NUA can be used if you choose the third option. If you’re transferring shares of company stock to a taxable account, then NUA lets you pay ordinary income tax only on the cost basis of the stock. If you decide to sell the stock at some point, you’d benefit from paying the lower long-term capital gains tax rate, which maxes out at 20%.

Rolling shares of company stock into a new 401(k) or IRA wouldn’t allow you to get the full benefit of NUA. Instead, you’d pay ordinary income tax rates on any distributions you take, which currently have an upper limit of 37%. While separating shares of company stock from the rest of your retirement account investments adds a step to the distribution process, it can be well worth it when it’s time to pay the IRS.

All Other Circumstances

Currently, there are no other age-related exemptions in the tax code.

In the late 20th century, the IRS allowed people over the age of 55 to take a special exemption on capital gains taxes when they sold a home. This let homeowners exempt up to $125,000 worth of profit from the sale of their primary residence from their capital gains taxes. The purpose was to help households either in or prepare for retirement.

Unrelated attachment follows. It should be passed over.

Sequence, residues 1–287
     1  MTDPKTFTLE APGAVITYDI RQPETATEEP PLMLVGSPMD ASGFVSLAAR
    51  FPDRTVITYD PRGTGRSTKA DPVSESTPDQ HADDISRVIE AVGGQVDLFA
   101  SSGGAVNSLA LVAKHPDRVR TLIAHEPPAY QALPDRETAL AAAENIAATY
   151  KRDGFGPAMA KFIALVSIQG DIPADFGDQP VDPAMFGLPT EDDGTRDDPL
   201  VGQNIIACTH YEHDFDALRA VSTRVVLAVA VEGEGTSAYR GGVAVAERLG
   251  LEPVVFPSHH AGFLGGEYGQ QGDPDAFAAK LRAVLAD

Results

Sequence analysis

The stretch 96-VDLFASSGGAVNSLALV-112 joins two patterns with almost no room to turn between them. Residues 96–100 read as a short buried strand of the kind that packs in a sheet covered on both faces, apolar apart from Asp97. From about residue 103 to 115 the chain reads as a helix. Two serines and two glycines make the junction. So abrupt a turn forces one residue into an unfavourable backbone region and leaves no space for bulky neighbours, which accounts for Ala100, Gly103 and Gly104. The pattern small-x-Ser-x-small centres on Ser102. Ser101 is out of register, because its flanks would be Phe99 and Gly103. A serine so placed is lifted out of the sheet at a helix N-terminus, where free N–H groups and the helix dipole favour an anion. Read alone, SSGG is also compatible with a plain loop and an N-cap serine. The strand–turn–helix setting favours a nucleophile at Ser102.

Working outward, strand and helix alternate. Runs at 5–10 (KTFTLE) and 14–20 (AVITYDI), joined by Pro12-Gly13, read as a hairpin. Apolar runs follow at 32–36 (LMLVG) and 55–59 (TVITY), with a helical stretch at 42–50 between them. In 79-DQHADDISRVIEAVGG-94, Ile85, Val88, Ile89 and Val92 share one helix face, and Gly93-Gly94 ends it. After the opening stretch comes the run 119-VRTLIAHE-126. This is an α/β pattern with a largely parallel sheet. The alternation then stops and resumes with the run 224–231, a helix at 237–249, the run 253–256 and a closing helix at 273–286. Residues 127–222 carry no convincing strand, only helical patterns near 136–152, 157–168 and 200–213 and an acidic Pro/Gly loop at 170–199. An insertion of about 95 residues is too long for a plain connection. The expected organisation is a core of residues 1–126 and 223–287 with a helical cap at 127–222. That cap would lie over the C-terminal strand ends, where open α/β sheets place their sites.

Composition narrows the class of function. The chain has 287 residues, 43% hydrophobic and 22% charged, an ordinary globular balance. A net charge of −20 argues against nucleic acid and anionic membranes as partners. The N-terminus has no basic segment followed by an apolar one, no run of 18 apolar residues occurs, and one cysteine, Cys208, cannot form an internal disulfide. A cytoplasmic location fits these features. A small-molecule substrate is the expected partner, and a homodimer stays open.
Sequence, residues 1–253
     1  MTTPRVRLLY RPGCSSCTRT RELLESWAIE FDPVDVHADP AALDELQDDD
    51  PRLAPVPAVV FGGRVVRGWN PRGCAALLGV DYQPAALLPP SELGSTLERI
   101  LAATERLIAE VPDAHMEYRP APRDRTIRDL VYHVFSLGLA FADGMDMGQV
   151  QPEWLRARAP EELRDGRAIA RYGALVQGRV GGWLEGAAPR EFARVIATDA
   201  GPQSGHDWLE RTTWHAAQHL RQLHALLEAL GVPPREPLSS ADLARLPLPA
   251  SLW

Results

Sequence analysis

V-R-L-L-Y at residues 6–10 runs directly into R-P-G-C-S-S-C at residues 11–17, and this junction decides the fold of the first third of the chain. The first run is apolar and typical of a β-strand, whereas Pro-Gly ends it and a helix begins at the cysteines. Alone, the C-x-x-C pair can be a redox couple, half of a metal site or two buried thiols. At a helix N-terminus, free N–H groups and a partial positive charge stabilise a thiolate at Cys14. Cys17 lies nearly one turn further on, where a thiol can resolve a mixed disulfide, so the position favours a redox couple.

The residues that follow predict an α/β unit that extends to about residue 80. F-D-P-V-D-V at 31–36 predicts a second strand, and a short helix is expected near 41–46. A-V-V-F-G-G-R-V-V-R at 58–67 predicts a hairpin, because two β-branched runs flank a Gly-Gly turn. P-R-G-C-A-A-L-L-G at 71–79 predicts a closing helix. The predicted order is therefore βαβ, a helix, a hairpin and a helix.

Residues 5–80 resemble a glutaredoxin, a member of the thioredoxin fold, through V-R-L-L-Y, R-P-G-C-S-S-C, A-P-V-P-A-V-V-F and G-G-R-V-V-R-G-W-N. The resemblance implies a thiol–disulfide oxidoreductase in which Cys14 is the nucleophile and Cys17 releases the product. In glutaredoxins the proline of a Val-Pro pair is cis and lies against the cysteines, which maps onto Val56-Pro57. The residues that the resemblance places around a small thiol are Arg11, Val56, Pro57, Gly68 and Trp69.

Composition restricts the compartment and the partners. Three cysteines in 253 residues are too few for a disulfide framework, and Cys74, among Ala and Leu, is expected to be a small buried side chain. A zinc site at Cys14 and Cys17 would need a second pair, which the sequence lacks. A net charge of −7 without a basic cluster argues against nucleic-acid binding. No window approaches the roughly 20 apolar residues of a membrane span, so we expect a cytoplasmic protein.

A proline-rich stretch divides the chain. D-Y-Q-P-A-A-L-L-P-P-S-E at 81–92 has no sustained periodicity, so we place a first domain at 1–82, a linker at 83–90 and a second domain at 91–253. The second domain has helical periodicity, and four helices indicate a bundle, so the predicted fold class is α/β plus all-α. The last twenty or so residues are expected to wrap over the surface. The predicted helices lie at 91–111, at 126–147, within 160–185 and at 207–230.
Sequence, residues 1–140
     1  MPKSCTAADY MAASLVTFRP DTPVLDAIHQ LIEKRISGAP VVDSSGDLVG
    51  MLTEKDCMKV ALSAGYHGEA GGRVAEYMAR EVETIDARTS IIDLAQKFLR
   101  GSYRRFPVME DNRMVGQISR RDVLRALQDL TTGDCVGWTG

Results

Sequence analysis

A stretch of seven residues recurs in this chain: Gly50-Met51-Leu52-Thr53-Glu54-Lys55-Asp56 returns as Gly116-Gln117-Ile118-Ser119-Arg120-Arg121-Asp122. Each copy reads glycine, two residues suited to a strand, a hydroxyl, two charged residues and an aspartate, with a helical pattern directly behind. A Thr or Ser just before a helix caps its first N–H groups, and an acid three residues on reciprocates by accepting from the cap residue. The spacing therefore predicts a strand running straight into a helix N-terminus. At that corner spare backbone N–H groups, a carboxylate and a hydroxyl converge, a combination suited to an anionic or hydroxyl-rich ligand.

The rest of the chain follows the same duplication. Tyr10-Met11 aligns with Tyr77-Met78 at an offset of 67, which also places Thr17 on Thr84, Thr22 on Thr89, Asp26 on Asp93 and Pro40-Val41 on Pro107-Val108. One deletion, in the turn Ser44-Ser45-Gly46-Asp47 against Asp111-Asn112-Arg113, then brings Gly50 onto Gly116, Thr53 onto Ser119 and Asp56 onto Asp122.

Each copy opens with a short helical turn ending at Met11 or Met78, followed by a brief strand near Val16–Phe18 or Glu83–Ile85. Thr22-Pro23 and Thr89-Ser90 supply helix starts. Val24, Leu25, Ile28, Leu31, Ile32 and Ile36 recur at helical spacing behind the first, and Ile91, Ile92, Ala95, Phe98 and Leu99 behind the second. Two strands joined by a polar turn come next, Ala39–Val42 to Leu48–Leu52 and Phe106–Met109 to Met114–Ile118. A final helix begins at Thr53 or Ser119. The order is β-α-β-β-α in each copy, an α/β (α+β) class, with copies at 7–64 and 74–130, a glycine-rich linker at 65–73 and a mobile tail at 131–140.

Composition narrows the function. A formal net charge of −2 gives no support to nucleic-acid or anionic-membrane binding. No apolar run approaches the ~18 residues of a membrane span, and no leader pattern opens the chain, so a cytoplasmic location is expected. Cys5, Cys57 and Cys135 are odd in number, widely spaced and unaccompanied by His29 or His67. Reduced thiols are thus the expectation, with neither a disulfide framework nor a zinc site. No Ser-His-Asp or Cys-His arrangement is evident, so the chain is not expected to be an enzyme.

In 1997, Congress amended the tax code to create the standard exclusion that applies today. Under current law, individuals don’t pay capital gains taxes on the first $250,000 in profit from the sale of their primary residence, while married couples who file their taxes jointly don’t pay taxes on the first $500,000 in gains. In adding this blanket exemption, the exemption that was specifically for households 55 and older was repealed.

Bottom Line

A couple looking for capital gains exemption for seniors.

The IRS allows no specific tax exemptions for senior citizens, either when it comes to income or capital gains. The closest you can come is contributing to a Roth IRA or Roth 401(k) with after-tax dollars, allowing you to withdraw money without paying taxes. However, there are several strategies you can employ to minimize your capital gains taxes.

Tips on Tax Exemptions

  • Taxes can be tremendously complicated. A financial advisor with tax expertise can help clear up confusion and give expert guidance as you look for deductions, credits and exemptions. Finding a financial advisor doesn’t have to be hard. SmartAsset’s free tool matches you with up to three vetted financial advisors who serve your area, and you can have a free introductory call with your advisor matches to decide which one you feel is right for you. If you’re ready to find an advisor who can help you achieve your financial goals, get started now.
  • Use SmartAsset’s income tax calculator to get a quick estimate of how much you will owe the federal government during this year’s tax season.